Community legacies top of mind as 2010 officials tour Whistler 

‘We are aspiring to do a lot with these Games’

Vancouver Olympic officials are keeping Whistler’s long-term needs in mind as they plan out the venues.

They are expected to make a decision in the next month on who will design the bobsled/luge track and they are working on a request by the FIS to combine all the alpine speed events at Creekside.

"We are thinking about the post Games operation of the facilities," said Steve Matheson, senior vice president venue development, who was on a tour this week of Whistler’s venue sites with other senior VPs of the Vancouver Organizing Committee and more than 50 contract workers.

Matheson’s comments came partly in response to concerns raised by Whistler Councillor Ken Melamed.

He questioned whether the Sliding Centre on Blackcomb Mountain would be too steep to work as a tourist attraction after the Games were over.

"We want the facility to be as usable as possible after the Games," said Matheson.

Whistler’s bobsled/luge run will be steepest in the world.

Terry Wright, vice-president of Olympic planning for VANOC, said that may be a good thing as that will make it attractive to teams and to thrill seeking tourists.

Added John Furlong, VANOC CEO: "If the aim is thrill seeking then I can tell you this will be a real go-to thing.

"We want it to work so that (we) don’t have to apologize for having a venue of this scope."

While the legacy use of the venues is important planners said they can’t lose site of the fact that the facilities are being built for a sporting event and bobsled/ luge technical advisers are currently saying the teams are looking for more challenging runs.

Councillor Gord McKeever questioned what opportunities there would be for local construction companies as the venues were built.

Matheson suggested the best opportunities for locals would come in the Olympic overlay portion of the Games where there will be "101 ideas that we are going to be talking about with local suppliers and dealers about how they can participate."

Olympic planners for the 2010 Games also want all the venues up and running two years prior to the Games.

"(We want to) avoid surprises and hopefully save some money and not be rushing," said Matheson.

He saw first hand what could happen if venue development and construction is left to the last minute while attending the summer Games in Athens.

"(Athens) left the construction too late and then they had to spend all kinds of money working 24 hours a day to get it done," he said.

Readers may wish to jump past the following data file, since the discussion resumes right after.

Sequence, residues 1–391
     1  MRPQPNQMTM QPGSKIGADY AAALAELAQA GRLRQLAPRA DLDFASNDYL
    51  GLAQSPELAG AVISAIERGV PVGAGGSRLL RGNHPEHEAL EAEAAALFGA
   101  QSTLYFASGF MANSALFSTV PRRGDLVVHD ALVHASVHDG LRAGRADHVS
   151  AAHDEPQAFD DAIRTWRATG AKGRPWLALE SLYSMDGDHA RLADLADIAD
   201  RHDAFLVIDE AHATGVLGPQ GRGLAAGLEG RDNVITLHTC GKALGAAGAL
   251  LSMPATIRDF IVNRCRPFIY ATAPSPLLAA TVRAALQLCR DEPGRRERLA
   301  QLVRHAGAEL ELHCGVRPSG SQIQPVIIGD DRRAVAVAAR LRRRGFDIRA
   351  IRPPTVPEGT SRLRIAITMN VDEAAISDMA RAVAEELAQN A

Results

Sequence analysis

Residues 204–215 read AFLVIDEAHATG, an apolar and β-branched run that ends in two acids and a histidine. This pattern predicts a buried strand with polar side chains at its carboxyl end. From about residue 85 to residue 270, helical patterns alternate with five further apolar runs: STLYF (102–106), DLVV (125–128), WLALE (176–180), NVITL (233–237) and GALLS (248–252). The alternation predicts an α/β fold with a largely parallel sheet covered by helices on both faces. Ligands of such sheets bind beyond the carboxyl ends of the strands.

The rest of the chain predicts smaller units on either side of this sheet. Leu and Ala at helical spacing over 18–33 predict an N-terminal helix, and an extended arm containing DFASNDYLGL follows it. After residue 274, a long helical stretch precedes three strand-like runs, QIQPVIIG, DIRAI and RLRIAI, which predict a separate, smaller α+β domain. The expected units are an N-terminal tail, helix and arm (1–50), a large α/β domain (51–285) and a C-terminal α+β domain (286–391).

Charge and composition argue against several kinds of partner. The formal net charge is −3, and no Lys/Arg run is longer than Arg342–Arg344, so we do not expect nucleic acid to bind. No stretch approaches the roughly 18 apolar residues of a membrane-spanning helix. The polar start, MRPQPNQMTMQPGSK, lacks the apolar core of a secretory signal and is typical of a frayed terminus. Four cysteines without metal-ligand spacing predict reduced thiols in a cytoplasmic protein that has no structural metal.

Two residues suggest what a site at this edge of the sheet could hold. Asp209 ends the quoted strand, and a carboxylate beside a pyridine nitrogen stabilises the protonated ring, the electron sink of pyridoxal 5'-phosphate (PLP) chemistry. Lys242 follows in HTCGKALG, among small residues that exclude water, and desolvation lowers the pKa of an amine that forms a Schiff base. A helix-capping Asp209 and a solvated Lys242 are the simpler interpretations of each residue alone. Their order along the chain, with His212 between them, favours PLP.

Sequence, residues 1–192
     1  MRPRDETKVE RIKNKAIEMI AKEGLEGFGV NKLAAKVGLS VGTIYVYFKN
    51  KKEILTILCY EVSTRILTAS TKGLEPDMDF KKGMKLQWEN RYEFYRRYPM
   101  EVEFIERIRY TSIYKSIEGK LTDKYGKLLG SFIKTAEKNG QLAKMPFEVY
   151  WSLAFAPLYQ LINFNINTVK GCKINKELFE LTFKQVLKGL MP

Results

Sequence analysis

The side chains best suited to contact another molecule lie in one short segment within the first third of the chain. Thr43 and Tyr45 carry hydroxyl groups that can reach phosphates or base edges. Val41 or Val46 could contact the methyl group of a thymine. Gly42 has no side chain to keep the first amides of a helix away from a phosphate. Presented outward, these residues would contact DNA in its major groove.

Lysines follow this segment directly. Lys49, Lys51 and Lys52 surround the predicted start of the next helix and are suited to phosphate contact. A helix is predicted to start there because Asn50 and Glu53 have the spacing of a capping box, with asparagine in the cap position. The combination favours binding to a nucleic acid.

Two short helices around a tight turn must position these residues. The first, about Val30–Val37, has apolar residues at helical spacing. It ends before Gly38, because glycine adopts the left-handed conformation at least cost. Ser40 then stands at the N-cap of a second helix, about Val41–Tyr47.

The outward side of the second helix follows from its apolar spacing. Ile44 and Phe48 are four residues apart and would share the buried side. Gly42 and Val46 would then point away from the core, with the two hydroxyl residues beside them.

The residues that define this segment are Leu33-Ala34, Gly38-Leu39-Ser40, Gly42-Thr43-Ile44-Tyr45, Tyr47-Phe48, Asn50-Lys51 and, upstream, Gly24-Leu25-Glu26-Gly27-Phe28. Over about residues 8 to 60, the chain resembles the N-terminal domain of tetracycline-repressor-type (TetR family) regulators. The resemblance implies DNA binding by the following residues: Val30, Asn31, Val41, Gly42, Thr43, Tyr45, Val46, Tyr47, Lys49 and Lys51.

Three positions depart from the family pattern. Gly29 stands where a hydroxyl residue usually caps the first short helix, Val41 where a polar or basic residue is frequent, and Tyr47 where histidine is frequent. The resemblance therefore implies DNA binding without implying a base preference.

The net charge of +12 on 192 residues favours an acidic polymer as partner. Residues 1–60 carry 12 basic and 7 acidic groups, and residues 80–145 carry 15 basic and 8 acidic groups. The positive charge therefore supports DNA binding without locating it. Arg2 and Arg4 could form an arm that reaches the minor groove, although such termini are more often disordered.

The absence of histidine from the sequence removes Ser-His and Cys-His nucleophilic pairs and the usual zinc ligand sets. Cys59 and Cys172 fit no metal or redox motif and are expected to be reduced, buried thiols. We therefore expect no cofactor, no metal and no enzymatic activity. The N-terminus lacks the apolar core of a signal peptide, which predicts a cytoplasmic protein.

That’s not something VANOC officials want to see in B.C.

It is estimated that the Athens Summer Games ended up costing over $10 billion.

With the push on to get building construction of the speed skating oval in Richmond is slated to begin next fall, as is construction of other skating facilities at UBC.

In Whistler organizers plan to break ground next year on the two biggest venues, the Nordic Centre just outside of the resort and the Sliding Centre on Blackcomb. The hope is that they will be finished for the winter of 2008.

"We want to give our Canadian athletes a chance to use the venues for two years before the Games," said Matheson.

He confirmed that it is unlikely there will be an overall labour agreement for venue construction. But, he said, his group is working on a set of principles which they would like bidders to adhere to.

The list would include such things as safety considerations and in-house training to promote jobs in the construction sector.

"We are aspiring to do a lot with these Games," he said.

Meanwhile this week also marked the deadline for designers to submit their ideas for the new 2010 Games logo.

By Tuesday afternoon over 500 proposals had been submitted.

"The office has been going crazy," said Ali Gardiner, of creative services at VANOC.

"We have a big team ready to deal with all the last minute rush so we expect to be working late."

The submissions have come from across Canada and around B.C.

"We wanted to showcase the Canadian creative community and take advantage of all the talent we have here," said Gardiner.

Once all the submissions are in they will be put under lock and key until the international design panel arrives in October to begin the two-day judging process.

"What we want the logo to do is represent the Olympic spirit of Canada and, of course, the host communities, and we want it to say something about who we are," said Gardiner.

It’s likely the new logo will be unveiled in February, to coincide with the five-years-to-go celebrations.

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